It is 12 kilometres (7.5 mi) south-south-west of Yambuk, and 22 kilometres (14 mi) south-west of Port Fairy. The island is about 2 kilometres (1.2 mi) in length by 1 kilometre (0.62 mi) in width, with an area of 1.33 square kilometres (0.51 sq mi), comprising a plateau, varying in height from 32–46 metres (105–151 ft) asl, surrounded by cliffs, rock platforms and reefs. It contains an important seal breeding colony. It has a long history of human exploitation, which has drastically affected its vegetation communities, though it is now protected as a State Faunal Reserve. It is listed on Australia's Register of the National Estate. It is best viewed from The Crags or Yambuk Lake, both of which are in the Yambuk area.
Lady Julia Percy Island was well known to the Aboriginal people of the region; it is understood that the spirits of the dead were conveyed across the sea to the island from a cave called Tarnwirring ("the flowing of the wind") at the top of a rocky sea cliff.
The island was first named "Lady Julia’s Island" in 1800 by Lt James Grant after either the wife or daughter of Hugh Percy, 2nd Duke of Northumberland. In 1802 Matthew Flinders expanded the name to Lady Julia Percy's Island as he sailed past on his ship the Investigator. Also in 1802, Nicolas Baudin sailed past the island in his ship the Géographe, and recorded the island as Ile aux Alouettes, a name that has not persisted.
During the early 19th century, sealing took place with sealing gangs living on the island often for months at a time. There are two graves on the island – one of a sealer buried in 1822, and one of a man named Hardman buried in 1828 by Captain Wishart of the Fairy. Guano was mined on the island until 1861 for fertiliser, being transported to Port Fairy in barges.
In January 1936 a scientific expedition from Melbourne University's McCoy Society visited the island for six weeks and carried out a comprehensive ecological survey.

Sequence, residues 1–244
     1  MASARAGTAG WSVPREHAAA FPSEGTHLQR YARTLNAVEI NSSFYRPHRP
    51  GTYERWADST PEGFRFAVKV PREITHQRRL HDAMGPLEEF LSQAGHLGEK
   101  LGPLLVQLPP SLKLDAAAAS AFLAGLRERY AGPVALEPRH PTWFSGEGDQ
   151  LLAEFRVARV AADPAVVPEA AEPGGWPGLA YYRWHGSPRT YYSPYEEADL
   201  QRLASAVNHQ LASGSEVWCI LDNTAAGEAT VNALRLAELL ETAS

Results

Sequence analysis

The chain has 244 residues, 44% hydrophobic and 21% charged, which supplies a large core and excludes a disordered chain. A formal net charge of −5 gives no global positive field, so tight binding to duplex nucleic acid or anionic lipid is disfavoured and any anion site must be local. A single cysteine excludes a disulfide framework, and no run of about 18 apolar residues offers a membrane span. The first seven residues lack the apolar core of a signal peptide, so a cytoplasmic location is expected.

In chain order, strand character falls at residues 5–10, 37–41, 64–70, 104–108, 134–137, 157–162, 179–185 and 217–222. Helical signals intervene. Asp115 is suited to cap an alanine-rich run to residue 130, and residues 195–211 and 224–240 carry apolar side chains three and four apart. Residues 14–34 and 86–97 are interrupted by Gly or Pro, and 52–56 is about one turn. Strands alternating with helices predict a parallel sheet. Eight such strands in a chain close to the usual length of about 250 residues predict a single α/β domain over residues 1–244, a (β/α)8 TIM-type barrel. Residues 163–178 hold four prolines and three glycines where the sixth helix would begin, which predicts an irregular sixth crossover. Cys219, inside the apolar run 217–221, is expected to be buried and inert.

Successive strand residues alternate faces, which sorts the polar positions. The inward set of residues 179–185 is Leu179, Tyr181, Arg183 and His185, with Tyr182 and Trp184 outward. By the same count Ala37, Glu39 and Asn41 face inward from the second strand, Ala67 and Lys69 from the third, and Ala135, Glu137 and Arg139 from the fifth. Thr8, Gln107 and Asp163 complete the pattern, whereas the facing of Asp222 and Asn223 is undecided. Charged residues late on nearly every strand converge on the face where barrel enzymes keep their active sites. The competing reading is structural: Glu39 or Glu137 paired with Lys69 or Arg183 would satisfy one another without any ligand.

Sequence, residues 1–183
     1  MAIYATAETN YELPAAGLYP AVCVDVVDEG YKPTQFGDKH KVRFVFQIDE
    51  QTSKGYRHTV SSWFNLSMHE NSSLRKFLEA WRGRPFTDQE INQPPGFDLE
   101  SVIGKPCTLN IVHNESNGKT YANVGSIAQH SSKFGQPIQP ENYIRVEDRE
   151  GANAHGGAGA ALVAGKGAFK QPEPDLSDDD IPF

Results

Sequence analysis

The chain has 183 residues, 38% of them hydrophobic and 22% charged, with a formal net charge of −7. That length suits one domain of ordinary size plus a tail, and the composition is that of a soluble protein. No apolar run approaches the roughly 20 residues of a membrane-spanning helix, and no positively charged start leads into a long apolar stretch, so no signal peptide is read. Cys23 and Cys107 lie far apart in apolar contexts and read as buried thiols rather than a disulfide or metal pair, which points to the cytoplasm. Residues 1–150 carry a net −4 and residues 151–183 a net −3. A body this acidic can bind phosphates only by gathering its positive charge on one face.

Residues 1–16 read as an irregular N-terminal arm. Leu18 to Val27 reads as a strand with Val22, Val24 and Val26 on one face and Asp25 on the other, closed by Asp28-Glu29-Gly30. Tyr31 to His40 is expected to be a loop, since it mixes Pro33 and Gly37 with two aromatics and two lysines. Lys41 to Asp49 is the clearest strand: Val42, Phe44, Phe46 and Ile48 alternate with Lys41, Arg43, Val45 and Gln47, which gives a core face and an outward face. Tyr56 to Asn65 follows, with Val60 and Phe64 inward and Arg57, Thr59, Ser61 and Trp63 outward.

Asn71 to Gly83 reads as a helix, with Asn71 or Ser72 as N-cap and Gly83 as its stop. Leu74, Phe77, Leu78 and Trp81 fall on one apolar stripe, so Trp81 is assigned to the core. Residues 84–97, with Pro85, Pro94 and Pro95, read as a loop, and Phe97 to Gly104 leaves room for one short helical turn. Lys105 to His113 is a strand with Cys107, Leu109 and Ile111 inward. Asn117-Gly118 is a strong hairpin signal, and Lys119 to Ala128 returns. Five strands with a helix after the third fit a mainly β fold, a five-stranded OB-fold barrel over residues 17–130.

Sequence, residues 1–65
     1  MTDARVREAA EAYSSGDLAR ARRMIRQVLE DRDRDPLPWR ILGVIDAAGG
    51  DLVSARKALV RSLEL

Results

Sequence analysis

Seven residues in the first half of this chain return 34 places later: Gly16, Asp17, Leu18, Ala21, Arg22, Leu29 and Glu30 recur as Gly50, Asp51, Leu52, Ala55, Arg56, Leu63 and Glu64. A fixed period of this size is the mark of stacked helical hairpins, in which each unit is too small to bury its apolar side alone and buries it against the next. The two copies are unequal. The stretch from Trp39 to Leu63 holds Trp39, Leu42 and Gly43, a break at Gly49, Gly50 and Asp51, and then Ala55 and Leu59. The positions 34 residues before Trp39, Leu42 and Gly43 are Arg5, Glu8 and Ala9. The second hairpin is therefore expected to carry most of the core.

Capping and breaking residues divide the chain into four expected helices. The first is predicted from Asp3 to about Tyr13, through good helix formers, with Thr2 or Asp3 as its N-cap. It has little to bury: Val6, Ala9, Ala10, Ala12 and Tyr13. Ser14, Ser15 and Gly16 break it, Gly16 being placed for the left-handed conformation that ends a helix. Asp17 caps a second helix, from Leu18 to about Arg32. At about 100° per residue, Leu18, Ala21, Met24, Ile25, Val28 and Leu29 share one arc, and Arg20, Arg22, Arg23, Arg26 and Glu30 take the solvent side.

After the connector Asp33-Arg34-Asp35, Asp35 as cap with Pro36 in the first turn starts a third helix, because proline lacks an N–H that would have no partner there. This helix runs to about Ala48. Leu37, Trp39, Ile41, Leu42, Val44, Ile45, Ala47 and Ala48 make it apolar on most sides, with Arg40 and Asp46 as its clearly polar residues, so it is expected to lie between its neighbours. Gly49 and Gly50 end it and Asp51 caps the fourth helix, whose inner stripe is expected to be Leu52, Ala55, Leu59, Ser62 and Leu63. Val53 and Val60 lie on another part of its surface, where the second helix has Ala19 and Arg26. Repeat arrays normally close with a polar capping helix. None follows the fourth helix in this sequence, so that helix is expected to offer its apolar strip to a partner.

Formed some seven million years ago, the island is much older than other volcanoes in the region, and is also unusual in being built by both submarine and terrestrial eruptions. It provides exposures of internal volcanic structure, including a volcanic vent. Six successive lava flows can be seen in the coastal cliffs. It is Australia’s only off-shore volcano and the only large basalt island off the coast of western Victoria. Lady Julia Percy Island is considered part of the Newer Volcanics Province — this polycyclic volcano erupted in two phases, at 7.80 ± 0.08 Ma and 6.22 ± 0.06 Ma
With regard to the flora, Frederic Wood Jones said in 1936 of the island, following his leadership of the 1936 McCoy Society expedition:
"A century ago it was covered with a dense, almost impenetrable, growth of the mixed bushy scrub that characterizes certain parts of the coast of the adjacent mainland. Some sixty years ago this dense scrub was still standing over the major portion of the island; but to-day the whole of the plateau is devoid of any growth more majestic than bracken fern and thistles. The whole plateau is, at present, a windswept area, clothed only by vegetation knee-high at the best, and at the worst, by loose volcanic soil or bare rock. This denudation of forest cover is due to human interference, for pigs were at one time turned down on the island, rabbits were liberated and are still living in their thousands, and sealers, fishermen and guano workers have cut down and burned the stunted and wind-blown trees that formerly covered the island."
The landscape of the island's plateau is now bleak and windswept. It lacks trees and is still largely covered with grasses and bracken on thin black soil. The dominant vegetation communities are grassland and closed fernland. The vulnerable Shore Spleenwort (Asplenium obtusatum) still survives there.
The island is one of four Australian fur seal breeding colonies in Victoria and, with an estimated 27,000 seals, is the largest such colony in Australia. It is occasionally visited by Australian sea lions and southern elephant seals. Pigs and rabbits were previously introduced but have since disappeared or been eradicated.
The island is home to breeding little penguins (2000 pairs), common diving-petrels (1000 pairs), fairy prions (1000 pairs), and short-tailed shearwaters (15,000 pairs). White's skink is the only reptile present. The surrounding waters are visited by great white sharks.
Access to Lady Julia Percy Island itself is restricted, and landing is by permit only. However, boat cruises from Port Fairy to the waters around the island are popular; they allow people to see the seal colony and watch whales and seabirds on the way.